PROSECUTION AND SENTENCING OF WHITE COLLAR CRIME IN FEDERAL COURT: UNDERSTANDING PATHS AND PROCESSES
Galvin, Miranda A
Simpson, Sally S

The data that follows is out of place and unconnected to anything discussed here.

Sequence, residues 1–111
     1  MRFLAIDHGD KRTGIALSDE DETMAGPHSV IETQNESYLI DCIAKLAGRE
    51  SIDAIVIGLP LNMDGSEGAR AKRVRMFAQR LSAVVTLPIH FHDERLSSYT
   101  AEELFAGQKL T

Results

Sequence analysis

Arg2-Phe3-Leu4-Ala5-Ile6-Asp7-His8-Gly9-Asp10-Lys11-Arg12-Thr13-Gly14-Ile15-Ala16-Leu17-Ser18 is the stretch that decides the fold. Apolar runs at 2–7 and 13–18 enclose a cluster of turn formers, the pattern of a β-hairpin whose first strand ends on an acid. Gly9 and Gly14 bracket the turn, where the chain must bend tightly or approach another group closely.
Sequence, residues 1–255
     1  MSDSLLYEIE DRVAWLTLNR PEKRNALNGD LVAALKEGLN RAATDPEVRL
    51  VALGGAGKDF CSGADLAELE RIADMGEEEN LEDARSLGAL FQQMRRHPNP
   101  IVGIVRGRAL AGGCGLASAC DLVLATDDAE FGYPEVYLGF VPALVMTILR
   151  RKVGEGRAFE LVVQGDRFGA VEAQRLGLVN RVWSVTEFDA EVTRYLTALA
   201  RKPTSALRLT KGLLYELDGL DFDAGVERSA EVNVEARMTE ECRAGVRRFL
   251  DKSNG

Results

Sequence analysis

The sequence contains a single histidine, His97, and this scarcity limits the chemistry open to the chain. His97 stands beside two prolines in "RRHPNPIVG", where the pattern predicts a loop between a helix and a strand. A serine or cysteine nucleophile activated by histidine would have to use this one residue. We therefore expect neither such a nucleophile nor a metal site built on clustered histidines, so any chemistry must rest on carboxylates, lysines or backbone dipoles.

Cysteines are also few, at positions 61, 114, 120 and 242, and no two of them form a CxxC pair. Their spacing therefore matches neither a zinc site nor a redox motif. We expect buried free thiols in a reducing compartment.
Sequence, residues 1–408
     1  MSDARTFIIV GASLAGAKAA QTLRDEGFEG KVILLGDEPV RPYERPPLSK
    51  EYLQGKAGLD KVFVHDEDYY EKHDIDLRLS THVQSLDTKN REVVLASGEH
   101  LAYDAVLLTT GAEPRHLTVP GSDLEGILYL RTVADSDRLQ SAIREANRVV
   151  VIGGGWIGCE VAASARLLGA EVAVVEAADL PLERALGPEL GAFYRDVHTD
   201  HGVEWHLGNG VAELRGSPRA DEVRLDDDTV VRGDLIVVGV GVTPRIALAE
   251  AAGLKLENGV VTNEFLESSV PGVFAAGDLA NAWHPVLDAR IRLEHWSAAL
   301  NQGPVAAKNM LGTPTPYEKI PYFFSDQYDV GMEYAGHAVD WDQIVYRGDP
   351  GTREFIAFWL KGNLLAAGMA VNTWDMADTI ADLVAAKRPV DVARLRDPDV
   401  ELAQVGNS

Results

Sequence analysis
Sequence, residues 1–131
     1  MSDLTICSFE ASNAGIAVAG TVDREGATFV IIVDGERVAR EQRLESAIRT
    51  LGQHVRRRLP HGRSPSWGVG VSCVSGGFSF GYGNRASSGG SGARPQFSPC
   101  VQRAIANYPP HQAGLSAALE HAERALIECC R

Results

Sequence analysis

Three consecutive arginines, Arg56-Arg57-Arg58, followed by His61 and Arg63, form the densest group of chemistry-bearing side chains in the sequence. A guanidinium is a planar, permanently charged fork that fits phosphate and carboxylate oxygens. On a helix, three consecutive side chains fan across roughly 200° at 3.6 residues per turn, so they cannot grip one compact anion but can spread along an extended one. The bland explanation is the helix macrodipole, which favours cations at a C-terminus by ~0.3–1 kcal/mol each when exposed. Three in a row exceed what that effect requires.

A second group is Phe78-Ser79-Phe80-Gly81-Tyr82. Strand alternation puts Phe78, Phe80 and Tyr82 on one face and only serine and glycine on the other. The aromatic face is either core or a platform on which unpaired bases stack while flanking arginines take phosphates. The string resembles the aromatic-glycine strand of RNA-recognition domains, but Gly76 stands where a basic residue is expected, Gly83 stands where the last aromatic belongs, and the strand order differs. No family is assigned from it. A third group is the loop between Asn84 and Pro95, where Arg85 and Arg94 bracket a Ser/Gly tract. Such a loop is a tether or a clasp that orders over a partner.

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The question of whether ‘white collar’ crimes are treated more leniently by society dates to the first use of the phrase by Edwin Sutherland in 1939. One of the most important ways in which this leniency may manifest is in the criminal prosecution and sentencing of violations of law. And yet, the question of whether and how white collar cases are treated differently than other types of crimes has not received sufficient attention. Prior research findings have been clouded by inconsistent effects and inconsistent definitions of white collar crime and may have limited generalizability under modern sentencing regimes. This dissertation reconsiders the question of white collar leniency for a sample of white collar and comparable crimes referred for federal criminal prosecution between 2009-2011 and followed through 2013 using the Federal Justice Statistics Program. Specifically, this research considers how case complexity affects the likelihood of plea bargains, and how these bargains in turn affect sentencing outcomes. Additionally, this dissertation explores whether white collar cases receive more lenient sentencing outcomes, and the effect that different definitions have on substantive conclusions.